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Princeton vs. the New Divinity: The Meaning of Sin, Grace, Salvation, Revival

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‘We value every morsel about the Princeton worthies; may their influence long endure…The modern school think us fools, but certainly we were taught by wise men; and the proverb does not assert that walking with wise men produces folly. Finer minds than those of the Princeton tutors have seldom dwelt among the sons of men…Oh, for more Princeton theology, for it is the teaching of the Word of God.’ — C.H. SPURGEON

The new methods in evangelism aggressively promoted by Charles Grandison Finney and others in the United States in the 1830s and 40s were the logical outworking of the ‘New Divinity’, a theological system which embodied altered views of the fallen condition of man, of the kind of change brought about in regeneration, and of the possibility of attaining entire sanctification in the present life.

The main opponents of the New Divinity were the professors and teachers of Princeton Theological Seminary and College, including Archibald Alexander and Charles Hodge. During the 1830s and early 1840s they wrote extensively on the subject in the Biblical Repertory and Theological Review (later known as the Princeton Review). Some of the most significant of their articles are reprinted here.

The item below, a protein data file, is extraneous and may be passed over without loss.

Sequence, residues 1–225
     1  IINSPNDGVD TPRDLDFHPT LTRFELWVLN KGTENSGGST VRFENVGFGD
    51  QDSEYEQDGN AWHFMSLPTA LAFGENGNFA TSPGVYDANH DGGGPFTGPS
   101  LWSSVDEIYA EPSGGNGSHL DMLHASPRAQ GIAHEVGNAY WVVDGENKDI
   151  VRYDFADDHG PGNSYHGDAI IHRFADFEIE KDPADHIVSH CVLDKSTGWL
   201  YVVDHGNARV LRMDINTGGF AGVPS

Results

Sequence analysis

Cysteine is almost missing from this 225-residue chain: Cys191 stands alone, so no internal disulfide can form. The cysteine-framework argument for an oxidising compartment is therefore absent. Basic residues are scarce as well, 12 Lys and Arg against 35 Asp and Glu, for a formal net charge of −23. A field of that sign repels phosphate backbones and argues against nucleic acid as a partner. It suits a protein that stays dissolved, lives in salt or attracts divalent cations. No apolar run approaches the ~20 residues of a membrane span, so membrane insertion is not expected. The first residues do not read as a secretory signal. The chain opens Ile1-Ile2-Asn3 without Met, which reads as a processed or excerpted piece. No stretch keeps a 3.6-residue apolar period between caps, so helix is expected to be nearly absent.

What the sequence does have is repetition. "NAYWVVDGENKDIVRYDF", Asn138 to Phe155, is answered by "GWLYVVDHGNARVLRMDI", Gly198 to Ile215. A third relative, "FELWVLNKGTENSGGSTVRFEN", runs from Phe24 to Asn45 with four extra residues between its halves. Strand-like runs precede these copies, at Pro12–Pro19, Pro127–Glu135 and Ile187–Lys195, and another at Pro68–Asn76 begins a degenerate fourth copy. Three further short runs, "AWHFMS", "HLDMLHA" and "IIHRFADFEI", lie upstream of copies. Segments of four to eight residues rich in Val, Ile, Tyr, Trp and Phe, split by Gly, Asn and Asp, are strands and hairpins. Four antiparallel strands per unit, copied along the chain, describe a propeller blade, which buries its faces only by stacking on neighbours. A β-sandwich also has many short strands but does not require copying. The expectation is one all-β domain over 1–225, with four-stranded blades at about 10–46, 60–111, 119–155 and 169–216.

The Princeton men were deeply convinced that the new views meant a return to old errors long rejected. If the church accepted them she would reap a bitter harvest. Time has vindicated their stance. A fresh look at what they wrote will assist in the recovery of a more biblically-based approach to preaching and evangelism today.

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Table of Contents:

  1. Regeneration – Charles Hodge
  2. The Early History of Pelagianism – Archibald Alexander
  3. Original Sin – Archibald Alexander
  4. The Inability of Sinners – Archibald Alexander
  5. The New Divinity Tried – Charles Hodge
  6. On Revivals of Religion – Albert B. Dod
  7. Sanctification – John Woodbridge
  8. Bodily Effects of Religious Excitement – Thomas Cleland